4 A danger exists. Over a period of time, our service to God could become like a dutiful ritual. One Christian woman described it this way: “I would go out in service, go to meetings, study, pray—but I did it all on automatic control, never feeling anything.” Of course, God’s servants are to be commended when they exert themselves despite feeling “thrown down” or “laid low.” (2 Corinthians 4:9; 7:6) Nevertheless, when our Christian routine falls into a rut, we need to peer inside at the engine, as it were. Even the best of automobiles need periodic maintenance; similarly, all Christians need to make regular self-examination. (2 Corinthians 13:5) Others can see our works, but they cannot discern what drives our actions. Each of us, therefore, should be concerned with the question: ‘What motivates me to serve God?’
Obstacles to Proper Motivation
5. What command did Jesus say was first of all?
5 When asked which of the laws given to Israel was first of all, Jesus quoted a command that focused, not on outer appearance, but on inner motive: “You must love Jehovah your God with your whole heart and with your whole soul and with your whole mind and with your whole strength.” (Mark 12:28-30) Jesus thus identified what should be the driving force behind our service to God—love.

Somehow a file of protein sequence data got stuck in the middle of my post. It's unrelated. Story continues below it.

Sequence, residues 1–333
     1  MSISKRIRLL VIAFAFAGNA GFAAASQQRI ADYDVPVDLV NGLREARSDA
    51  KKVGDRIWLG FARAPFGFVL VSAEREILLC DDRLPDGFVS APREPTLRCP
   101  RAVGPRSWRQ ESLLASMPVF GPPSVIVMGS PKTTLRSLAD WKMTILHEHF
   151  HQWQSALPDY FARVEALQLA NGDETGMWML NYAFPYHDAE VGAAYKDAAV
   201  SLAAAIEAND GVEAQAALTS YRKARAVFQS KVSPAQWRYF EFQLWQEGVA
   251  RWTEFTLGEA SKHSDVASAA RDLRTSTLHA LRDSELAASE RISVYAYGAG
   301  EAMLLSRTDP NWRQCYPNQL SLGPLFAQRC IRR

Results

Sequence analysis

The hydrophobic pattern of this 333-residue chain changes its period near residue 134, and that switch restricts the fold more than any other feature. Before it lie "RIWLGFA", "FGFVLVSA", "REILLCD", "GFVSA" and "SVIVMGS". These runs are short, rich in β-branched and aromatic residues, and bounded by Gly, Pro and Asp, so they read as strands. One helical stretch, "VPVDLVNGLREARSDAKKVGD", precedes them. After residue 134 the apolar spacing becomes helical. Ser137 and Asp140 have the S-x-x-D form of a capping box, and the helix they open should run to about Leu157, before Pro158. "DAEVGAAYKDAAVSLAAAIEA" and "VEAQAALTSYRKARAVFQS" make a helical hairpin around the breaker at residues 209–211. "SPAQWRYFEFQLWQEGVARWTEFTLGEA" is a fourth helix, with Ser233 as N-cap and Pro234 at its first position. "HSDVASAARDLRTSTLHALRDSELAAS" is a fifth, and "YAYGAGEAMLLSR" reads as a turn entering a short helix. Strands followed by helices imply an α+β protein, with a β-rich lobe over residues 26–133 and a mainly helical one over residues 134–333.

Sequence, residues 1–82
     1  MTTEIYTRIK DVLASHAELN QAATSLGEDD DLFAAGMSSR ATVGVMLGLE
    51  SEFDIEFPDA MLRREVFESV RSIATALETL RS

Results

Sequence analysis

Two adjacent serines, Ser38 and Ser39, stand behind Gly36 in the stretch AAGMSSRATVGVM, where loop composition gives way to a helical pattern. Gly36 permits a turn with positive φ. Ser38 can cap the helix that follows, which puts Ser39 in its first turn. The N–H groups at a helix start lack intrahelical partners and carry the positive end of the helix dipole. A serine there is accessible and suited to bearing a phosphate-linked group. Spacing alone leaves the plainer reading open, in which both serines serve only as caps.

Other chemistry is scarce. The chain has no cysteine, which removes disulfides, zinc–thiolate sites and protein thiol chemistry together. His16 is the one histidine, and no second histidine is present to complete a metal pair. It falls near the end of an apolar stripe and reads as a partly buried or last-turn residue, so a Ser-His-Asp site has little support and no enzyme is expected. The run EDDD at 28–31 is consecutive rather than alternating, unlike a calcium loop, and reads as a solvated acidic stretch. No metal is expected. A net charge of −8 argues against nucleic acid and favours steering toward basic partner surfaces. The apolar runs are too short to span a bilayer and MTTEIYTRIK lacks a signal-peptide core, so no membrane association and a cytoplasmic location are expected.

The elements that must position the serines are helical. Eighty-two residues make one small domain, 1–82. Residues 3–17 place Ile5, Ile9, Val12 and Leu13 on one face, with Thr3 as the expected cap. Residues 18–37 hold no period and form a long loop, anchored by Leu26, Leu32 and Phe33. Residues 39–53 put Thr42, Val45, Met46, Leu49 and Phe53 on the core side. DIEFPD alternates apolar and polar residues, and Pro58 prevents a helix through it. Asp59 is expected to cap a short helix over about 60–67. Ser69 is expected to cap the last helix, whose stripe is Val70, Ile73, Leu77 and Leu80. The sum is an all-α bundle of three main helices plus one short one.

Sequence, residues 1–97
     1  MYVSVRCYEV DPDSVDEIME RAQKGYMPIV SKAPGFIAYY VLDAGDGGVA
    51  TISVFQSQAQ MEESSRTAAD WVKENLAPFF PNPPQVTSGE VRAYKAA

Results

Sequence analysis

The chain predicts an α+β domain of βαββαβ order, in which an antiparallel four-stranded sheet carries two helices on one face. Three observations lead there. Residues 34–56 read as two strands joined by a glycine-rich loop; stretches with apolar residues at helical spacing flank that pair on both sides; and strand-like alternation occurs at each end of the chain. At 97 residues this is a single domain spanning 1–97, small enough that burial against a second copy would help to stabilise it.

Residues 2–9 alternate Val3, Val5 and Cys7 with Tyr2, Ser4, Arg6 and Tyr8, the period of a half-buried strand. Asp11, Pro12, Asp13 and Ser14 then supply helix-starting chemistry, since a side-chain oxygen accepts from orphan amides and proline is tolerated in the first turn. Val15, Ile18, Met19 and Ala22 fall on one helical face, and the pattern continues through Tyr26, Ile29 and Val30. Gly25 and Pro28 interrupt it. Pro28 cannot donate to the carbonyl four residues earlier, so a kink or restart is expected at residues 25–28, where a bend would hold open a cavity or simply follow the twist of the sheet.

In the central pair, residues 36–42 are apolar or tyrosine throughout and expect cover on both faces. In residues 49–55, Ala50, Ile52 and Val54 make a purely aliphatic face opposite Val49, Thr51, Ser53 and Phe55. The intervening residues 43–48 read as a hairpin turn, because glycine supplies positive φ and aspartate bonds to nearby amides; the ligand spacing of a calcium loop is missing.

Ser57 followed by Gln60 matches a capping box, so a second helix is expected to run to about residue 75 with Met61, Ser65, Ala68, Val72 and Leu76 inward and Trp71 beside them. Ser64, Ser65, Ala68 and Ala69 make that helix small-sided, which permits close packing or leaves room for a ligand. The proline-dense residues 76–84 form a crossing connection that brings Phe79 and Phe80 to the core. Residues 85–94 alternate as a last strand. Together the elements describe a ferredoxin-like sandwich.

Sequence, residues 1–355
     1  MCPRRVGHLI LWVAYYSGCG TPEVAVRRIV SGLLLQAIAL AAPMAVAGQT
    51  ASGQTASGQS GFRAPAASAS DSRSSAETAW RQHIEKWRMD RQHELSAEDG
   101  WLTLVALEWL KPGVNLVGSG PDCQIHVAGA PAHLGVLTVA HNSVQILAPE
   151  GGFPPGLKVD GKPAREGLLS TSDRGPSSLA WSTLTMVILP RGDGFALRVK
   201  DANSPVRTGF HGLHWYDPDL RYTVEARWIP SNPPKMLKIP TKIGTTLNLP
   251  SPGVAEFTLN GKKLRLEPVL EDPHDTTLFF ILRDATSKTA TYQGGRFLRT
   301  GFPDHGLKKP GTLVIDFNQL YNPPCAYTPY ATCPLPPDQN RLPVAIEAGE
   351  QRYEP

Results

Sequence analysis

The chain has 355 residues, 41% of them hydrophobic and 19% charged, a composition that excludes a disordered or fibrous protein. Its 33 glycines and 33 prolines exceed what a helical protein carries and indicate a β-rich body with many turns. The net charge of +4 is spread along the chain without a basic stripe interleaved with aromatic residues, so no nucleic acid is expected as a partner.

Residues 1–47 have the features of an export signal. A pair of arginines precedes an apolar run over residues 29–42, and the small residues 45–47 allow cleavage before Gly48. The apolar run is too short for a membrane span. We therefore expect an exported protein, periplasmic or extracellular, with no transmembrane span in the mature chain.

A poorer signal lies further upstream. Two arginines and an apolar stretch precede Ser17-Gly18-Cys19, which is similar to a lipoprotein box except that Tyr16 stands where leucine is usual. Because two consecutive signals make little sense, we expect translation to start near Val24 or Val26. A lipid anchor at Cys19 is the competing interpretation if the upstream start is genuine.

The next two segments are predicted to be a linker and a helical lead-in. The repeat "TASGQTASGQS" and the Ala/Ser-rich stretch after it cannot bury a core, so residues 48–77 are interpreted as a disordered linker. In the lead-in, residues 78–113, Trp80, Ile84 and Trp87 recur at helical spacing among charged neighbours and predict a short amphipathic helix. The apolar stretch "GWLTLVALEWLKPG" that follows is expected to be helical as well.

6, 7. (a) In what way has Satan insidiously attacked the family circle, and why? (2 Corinthians 2:11) (b) How can upbringing affect one’s attitude toward divine authority?
6 Satan wants to impede our ability to cultivate the vital quality of love. To accomplish this, one method he has employed is to attack the family circle. Why? Because this is where our first and most enduring impressions about love are formed. Satan well knows the Biblical principle that what is learned in childhood can be of value in adulthood. (Proverbs 22:6) He insidiously attempts to distort our concept of love at an early age. As “god of this system of things,” Satan sees his purposes well served when many grow up in homes that are not havens of love but battlegrounds of bitterness, wrath, and abusive speech.—2 Corinthians 4:4; Ephesians 4:31, 32; 6:4, footnote; Colossians 3:21.